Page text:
And [Jesus] said to all, “If anyone would come after me, let him deny himself and take up his cross daily and follow me (Luke 9:23). Our
modern perspective makes it tough to understand how uncomfortable and offensive Jesus’ words were in this verse.
In our culture, the cross is often relegated to being a good luck charm. A stylish piece of jewelry, a cool tattoo, or a symbolic piece of art to hang on a wall. Even in Christian circles we’ve sanitized our perspective of the cross with pictures of a smooth-skinned Jesus with little more than small trickles of blood.
People from 2,000 years ago would be shocked at how we utilize the cross. In their time, it was considered the most painful, gruesome, and shameful way to die. Good Roman citizens were not supposed to talk about it, and the ancient Jewish historian Josephus called it “the most wretched of deaths.” Jewish people had witnessed literally thousands of their countrymen crucified on hillsides, so their picture of the cross was radically different than ours.
The Romans’ purpose behind crucifixion was simple: to provide the most painful, gruesome, and publicly shameful death imaginable. It was a terrifying way of ruling by fear. The condemned person was forced to carry the horizontal portion of the cross, weighing about 110 pounds, through the streets in a procession to the place of execution. As the condemned would walk the streets people would scream insults and spit as he walked.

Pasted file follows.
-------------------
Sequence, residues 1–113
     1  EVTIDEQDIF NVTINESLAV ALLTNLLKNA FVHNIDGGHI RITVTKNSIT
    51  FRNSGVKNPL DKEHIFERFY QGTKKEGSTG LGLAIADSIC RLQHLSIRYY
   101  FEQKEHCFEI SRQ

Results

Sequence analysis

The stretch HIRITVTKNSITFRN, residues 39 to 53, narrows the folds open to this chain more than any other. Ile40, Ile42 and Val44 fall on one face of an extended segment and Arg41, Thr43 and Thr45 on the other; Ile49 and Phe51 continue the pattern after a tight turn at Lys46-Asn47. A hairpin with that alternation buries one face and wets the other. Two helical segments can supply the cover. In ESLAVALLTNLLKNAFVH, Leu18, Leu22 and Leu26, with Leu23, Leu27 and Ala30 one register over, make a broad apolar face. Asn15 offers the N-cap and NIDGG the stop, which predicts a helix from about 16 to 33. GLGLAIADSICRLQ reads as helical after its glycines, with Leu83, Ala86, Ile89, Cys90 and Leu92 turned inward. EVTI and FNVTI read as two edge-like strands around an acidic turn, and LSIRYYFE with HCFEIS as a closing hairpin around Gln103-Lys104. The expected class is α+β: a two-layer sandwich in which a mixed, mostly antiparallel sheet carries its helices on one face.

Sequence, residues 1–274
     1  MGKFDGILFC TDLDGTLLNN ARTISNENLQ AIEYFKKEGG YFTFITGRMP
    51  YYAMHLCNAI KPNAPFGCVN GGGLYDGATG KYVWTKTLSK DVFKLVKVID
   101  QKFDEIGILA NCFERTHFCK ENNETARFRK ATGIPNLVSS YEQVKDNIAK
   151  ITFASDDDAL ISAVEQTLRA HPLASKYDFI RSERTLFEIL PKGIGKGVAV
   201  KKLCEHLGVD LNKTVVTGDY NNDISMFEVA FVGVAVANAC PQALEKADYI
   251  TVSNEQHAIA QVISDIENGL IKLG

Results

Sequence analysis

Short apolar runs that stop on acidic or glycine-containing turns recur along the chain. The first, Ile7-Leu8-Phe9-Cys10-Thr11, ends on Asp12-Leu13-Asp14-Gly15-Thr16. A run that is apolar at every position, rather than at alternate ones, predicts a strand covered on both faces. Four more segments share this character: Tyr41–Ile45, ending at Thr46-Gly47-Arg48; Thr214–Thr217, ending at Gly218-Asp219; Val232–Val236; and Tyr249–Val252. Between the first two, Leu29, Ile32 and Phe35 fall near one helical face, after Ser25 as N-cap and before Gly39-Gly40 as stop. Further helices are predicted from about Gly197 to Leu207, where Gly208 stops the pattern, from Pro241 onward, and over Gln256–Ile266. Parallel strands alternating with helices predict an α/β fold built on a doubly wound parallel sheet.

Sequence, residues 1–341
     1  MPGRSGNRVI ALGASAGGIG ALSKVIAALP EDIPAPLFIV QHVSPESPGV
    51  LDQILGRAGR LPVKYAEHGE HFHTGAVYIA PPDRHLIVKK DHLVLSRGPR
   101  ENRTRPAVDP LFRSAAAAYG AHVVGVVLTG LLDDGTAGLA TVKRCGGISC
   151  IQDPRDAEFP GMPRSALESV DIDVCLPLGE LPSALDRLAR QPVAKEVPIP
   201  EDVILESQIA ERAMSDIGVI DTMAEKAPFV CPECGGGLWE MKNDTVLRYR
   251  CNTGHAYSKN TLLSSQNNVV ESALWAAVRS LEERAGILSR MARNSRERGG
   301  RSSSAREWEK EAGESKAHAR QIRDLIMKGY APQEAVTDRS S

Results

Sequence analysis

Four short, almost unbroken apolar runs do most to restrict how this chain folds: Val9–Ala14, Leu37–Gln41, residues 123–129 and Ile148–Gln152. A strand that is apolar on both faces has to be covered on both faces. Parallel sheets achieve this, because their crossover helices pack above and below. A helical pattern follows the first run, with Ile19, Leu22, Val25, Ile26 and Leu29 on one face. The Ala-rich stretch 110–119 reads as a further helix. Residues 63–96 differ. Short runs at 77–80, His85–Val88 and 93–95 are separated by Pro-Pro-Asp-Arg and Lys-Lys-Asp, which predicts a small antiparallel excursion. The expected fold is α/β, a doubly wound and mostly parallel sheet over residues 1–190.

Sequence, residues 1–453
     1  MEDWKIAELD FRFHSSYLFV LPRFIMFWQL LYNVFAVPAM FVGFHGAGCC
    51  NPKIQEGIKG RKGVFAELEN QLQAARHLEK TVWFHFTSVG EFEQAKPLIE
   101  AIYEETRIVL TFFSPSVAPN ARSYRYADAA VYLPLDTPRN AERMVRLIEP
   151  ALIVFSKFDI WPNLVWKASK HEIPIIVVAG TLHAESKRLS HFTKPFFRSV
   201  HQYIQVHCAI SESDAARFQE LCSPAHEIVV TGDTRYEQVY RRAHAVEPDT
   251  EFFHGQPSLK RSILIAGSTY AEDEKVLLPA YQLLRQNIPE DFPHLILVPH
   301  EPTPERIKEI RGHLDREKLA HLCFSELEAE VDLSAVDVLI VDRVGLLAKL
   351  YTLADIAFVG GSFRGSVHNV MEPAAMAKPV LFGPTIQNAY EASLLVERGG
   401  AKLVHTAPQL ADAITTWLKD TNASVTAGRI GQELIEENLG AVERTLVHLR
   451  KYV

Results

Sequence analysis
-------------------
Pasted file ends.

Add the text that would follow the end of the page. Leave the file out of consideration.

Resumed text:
Historical Roman accounts have established that rough seven-to-eight-inch nails were driven between the small bones of the wrists, rather than the palms. The soldier would then take the left foot and press it backward against the right foot, and with both feet extended, toes down, one nail is driven through the arch of each, leaving the knees moderately flexed.
The condemned is now crucified.
This is the picture they saw as Jesus spoke the words from Luke 9:23.
As we let this sink in, we should be assured that our journey was never meant to be easy.
Re-read the verse and reflect on what it means to you now. How does this change the way you approach following Jesus? (shortdailydevotions.com)